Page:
About this item
Dec 1 Boulogne Dearest Mother. The horrible censor says he must read all our letters - hitherto we have had them passed unopened. Whenever I can I shall send a letter by someone who is going over, otherwise you will understand that censored letters must be very colourless. I don't know why they take so long on the way. They will probably take longer now. Anyhow I understand why I have not had a telegram from you today. Flora has come and Diana goes back to London tomorrow - taking this letter. We are horribly overworked with our index, but when it is done we shall have an easier time. We have got 3 men who do our enquiries. First Mr Durell who is very nice, and very clever at his job. He has been here some time and is delightful to work with. He has a wife in India, oddly enough. Then there are 2 whom Mr Malcolm brought over to fill Col. Duncombe's place, Mr Dove who has some part in the Round Table, and Mr Deed of whom I know nothing. I don't think either of them very good. Mr Dove writes us Round Table articles instead of concise reports and it will take a great deal of tact to persuade so distinguished a literary man to adopt a different style. Mr Deed doesn't seem to get hold of the right kind of information either. Perhaps they will improve. We who have to handle the reports are acutely conscious of these differences but we have to walk very warily in making suggestions. Diana is very good and very accurate, I think Flora won't be so quick but she ought to know the work as she has been at it a long time. Anyhow we shall all get on together excellently which is the main thing. I can't in my censored letters give you these descriptions of my colleagues! We have so much to do that unless it all goes to perfection we can't get through it. Our present stumbling block is a very slow typewriter. He sets everything dragging and though the office is supposed to shut at 5 it was past 6 today before we got our letters to sign. It didn't matter as we were working on till dinner time at our index but it would be intolerable under ordinary conditions. Mr Malcolm comes back I believe on Thursday and I shall have to discuss this and other matters with him. In time I think we ought to have one of the best run offices in France. We are already scheming to get into closer touch with the front which is our weak point. Lord Robert asked the ... General to let us have a representative and he refused categorically. Now we have a great plan for getting hold of army chaplains, for it is quite clear that we shall have to make our own channels for ourselves. Also I have several other ideas in my head which I am going to put into execution gradually. I'll tell you about them as they evolve.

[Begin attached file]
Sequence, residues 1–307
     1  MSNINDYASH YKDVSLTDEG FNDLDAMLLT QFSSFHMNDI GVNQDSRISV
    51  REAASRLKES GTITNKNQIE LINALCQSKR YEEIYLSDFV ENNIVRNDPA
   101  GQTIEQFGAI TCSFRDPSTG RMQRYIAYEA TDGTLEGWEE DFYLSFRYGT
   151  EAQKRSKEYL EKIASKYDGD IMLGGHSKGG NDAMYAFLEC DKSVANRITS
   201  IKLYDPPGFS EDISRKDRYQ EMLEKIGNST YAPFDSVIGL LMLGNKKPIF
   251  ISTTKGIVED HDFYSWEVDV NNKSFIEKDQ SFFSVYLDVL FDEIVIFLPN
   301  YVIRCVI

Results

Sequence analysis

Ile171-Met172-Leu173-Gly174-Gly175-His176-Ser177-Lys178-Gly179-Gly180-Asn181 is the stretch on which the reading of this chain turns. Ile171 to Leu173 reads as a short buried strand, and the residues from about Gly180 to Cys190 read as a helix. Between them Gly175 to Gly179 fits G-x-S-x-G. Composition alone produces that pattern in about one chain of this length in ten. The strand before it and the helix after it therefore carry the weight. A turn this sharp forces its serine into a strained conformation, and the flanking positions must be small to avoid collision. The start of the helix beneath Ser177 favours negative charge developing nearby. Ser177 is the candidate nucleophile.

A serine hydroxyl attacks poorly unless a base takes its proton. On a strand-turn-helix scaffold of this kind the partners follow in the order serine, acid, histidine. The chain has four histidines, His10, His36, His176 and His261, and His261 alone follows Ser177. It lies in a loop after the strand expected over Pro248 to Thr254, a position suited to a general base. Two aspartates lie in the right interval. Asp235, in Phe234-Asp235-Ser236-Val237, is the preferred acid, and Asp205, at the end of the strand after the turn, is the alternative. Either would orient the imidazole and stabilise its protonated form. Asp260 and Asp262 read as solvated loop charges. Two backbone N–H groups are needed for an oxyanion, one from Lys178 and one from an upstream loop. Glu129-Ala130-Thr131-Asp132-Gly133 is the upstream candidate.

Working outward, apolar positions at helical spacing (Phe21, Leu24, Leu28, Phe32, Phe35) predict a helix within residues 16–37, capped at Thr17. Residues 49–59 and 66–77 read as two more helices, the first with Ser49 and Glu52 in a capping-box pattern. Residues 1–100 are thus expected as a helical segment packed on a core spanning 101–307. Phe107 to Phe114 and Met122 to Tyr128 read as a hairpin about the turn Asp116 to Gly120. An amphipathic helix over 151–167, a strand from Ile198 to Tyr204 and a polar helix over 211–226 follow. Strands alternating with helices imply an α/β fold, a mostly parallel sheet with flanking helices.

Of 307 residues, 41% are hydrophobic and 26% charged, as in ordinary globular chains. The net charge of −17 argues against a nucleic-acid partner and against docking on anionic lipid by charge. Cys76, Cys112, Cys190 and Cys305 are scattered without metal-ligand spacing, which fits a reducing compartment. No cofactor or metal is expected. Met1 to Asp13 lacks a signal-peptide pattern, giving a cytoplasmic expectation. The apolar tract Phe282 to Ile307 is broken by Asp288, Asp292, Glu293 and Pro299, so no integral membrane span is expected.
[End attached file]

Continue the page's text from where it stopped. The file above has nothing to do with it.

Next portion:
We have the most pitiful letters and we see the most pitiful people. It's so blessed when one can give them some news, even if it's not very decisive. And at least we can often find out where people died and are buried. But we shall be able to do that much oftener if we get our links with the clearing hospitals which is what I am now trying to do. We never know where these hospitals are as their position is kept secret.
Don't let all this discourage you at all from bringing me home if you want me. Ever your affectionate daughter Gertrude